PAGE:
Themes and Meanings

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Last Updated on May 6, 2015, by eNotes Editorial. Word Count: 492

“Mr. Cogito on the Need for Precision” is one of the many poems in Report from the Besieged City bearing witness to the injustice and inhumanity of life in Poland under the martial law imposed by General Wojciech Jaruzelski in 1981, the year Herbert chose to return to his native land. The government crackdowns, reprisals, arrests, interrogations, torture, and killings that led Herbert to write the poem do not limit it, the fate of so many topical literary works. Even as it gives voice to Herbert’s dismay and anger, it reveals his desire to use his poetry “to bestow a broader dimension on the specific, individual, experienced situation” to “show its deeper, general perspective.” This broader dimension extends beyond Poland’s borders to include the political situation in many other countries during the same period, in Eastern Europe, as well as in Latin America and South Africa. In this sense the poem anticipates the necessity for the many “truth commissions” established in Poland and elsewhere only a few years later.

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“Mr. Cogito on the Need for Precision” functions, as does the collection’s title poem, as a report from a besieged city where not only is there “a lack of precise information” but where “sensible explanations” are offered and apparently accepted by all but the Cogitos of the world, and where “inexcusable carelessness reigns supreme.” The poem’s Cogito is like the first-person narrator, the I-, or eye-witness of “Report from the Besieged City” who accepts the part he has been assigned, “the inferior role of chronicler” (or in Cogito’s case, the role of accountant, one not so much assigned as chosen). “Keeping a tight rein on my emotions, I write about the facts,” Herbert’s chronicler reports before ending his litany of betrayals with the words, “and only our dreams have not been humiliated.”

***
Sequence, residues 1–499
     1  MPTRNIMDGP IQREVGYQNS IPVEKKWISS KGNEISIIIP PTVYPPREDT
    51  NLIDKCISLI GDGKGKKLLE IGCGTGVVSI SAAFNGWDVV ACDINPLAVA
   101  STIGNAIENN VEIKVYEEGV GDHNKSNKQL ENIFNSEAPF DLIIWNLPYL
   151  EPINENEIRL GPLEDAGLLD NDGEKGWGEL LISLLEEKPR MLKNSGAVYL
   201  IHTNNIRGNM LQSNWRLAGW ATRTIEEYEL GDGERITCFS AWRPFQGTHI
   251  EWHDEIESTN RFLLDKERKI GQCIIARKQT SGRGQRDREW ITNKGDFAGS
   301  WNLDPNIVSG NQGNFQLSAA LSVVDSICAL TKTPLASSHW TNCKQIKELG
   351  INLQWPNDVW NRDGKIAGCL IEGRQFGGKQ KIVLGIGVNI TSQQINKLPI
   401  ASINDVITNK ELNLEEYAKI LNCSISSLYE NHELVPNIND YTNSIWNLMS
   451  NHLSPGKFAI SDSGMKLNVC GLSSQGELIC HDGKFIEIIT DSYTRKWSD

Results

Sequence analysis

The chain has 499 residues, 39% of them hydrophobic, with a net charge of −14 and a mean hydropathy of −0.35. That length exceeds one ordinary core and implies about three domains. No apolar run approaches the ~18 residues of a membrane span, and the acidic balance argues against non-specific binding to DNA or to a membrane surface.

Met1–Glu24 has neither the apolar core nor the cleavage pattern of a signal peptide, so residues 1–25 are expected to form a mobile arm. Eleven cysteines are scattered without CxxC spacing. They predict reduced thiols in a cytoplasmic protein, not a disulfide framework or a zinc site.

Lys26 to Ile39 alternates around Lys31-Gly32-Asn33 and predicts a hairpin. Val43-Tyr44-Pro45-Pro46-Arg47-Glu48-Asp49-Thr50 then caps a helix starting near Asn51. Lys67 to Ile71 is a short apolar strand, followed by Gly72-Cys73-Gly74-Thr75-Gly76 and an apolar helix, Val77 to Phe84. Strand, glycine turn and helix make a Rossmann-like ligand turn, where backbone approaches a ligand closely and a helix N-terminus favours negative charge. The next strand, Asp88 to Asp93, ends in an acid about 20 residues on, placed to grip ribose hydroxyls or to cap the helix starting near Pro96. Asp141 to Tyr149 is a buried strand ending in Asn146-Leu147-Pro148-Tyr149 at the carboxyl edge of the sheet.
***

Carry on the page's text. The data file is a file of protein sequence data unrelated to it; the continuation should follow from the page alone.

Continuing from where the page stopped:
To the extent that the title figure of “Mr. Cogito on the Need for Precision” and the eleven other Cogito poems in the collection resemble “Report’s” eyewitness, he differs from the central figure of Herbert’s earlier Pan Cogito. Less comically Chaplinesque, this later Cogito seems closer to Herbert himself in his commitment to this life and how one’s life should be lived and measured. In a related poem in the same collection, “Mr. Cogito Thinks About Blood,” Herbert sardonically notes that science’s discovery of how little blood the human body actually contains does not mean that that blood—and the human life it synechdocically represents—is now seen as precious and is therefore shed any less abundantly than before. In “Mr. Cogito on the Need for Precision,” the reader finds a similarly horrific sense of humor and sense of helplessness along with the determination, Cogito’s no less than Herbert’s, to bear witness to that most absurdly humane of principles “in the struggle with inhuman power,” namely, accountability: the fact that “we must not be wrong even by a single one.”

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